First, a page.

Thursday, January 21, 2016

We Missed An Opportunity To Elect A Birder President

On Dec. 29, 2015, former Governor of New York George Pataki formally announced that he was ending his bid to become president of the U.S.A. Coming at the end of the year from a candidate that never really had a chance, the announcement didn't garner a whole lot of attention. I sure as heck didn't really care. But maybe I should have.

As fas as I know, Theodore Roosevelt was the only birder president. He was an incredible man, as I've written about before, even though I've proved using science that I am a better birder than he was.

Pataki, apparently, was another. I had no idea! It certainly didn't come up during the debates, which focused instead on screaming and yelling.  Pataki positioned himself as the centrist Republican candidate, but didn't mention that he was an award-winning conservationist. (Which was probably smart, considering the audience).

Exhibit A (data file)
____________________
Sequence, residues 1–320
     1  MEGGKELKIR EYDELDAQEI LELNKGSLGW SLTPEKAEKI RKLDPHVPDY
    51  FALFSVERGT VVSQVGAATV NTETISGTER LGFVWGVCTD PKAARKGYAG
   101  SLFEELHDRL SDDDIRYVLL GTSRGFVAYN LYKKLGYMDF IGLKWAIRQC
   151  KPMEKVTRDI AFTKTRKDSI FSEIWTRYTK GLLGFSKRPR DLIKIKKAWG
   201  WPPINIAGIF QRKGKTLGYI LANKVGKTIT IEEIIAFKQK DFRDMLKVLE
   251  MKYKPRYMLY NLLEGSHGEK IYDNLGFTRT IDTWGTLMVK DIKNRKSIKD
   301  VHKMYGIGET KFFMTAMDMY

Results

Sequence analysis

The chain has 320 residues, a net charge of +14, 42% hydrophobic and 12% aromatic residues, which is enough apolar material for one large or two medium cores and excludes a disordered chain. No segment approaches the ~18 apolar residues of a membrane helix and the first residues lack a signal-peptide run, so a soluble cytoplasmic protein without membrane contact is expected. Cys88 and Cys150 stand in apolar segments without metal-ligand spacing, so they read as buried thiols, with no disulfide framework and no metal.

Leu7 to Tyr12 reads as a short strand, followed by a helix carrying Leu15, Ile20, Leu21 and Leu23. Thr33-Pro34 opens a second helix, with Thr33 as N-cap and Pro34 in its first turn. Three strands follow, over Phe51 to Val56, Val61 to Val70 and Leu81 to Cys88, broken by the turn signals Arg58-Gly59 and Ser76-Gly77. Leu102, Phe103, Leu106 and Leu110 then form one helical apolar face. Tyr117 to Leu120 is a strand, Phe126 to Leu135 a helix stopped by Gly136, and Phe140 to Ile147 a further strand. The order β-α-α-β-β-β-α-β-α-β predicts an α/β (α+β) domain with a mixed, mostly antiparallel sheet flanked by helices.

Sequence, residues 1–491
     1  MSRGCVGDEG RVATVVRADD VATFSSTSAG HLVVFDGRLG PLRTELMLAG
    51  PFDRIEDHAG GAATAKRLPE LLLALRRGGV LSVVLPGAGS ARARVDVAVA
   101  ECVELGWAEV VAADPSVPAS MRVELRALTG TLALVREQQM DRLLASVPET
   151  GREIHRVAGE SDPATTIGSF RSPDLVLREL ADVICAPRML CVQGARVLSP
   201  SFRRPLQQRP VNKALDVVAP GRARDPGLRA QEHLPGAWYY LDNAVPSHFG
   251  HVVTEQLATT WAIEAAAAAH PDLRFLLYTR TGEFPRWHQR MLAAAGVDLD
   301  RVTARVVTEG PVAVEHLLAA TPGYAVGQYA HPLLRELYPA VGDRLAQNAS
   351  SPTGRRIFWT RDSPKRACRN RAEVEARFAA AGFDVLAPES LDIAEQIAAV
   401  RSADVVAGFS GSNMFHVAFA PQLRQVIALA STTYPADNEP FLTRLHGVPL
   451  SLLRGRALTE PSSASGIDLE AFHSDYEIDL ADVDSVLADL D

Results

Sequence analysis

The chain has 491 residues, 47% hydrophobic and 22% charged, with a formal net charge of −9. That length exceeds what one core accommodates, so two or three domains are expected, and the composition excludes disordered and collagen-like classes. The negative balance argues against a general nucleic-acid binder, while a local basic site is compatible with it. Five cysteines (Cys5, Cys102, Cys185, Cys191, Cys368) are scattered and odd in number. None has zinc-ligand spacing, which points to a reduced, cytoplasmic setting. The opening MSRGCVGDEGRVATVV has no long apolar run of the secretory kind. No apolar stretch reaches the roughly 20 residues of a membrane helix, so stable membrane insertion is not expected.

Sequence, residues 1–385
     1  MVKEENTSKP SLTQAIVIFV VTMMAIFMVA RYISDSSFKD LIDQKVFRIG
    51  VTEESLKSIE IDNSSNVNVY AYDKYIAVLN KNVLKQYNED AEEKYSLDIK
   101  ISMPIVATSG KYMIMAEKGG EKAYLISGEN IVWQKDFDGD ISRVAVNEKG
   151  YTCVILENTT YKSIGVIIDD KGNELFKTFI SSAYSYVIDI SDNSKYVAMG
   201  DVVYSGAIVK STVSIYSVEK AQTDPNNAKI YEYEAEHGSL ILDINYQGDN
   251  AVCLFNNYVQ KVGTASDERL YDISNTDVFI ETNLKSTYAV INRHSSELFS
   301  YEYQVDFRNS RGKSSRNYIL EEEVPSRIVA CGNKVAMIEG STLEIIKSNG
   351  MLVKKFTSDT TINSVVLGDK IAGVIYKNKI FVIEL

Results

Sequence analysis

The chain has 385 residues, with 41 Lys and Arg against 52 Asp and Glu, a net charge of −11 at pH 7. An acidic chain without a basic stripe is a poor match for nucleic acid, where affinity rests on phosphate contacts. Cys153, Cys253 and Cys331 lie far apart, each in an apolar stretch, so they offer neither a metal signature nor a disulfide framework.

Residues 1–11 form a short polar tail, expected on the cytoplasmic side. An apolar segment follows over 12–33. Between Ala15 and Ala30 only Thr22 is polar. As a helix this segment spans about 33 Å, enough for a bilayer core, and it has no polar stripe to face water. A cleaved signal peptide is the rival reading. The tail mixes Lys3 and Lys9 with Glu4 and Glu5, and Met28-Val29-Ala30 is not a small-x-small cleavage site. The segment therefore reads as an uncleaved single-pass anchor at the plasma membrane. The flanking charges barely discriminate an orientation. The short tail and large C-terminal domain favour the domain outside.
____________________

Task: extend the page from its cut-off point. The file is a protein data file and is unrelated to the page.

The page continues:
And he certainly didn't say he could pish. That's some next-level birding! That's ain't no Dukakis-in-a-tank bullshittery! Check out the video, from ABC:

Back? Pretty cool, right? He was on Theodore Roosevelt Island, here in DC! 

But, man, not a single bird in sight. Not a single damn bird. You've got to feel for the guy. There's not much more embarrassing than trying to impress people by pishing up a bird and getting no response. When pishing works you feel like a magician, but when it doesn't work you just feel like an idiot making mouth-noises at a bush. I've failed at pishing with plenty of bird walk groups, but never on camera. Brutal.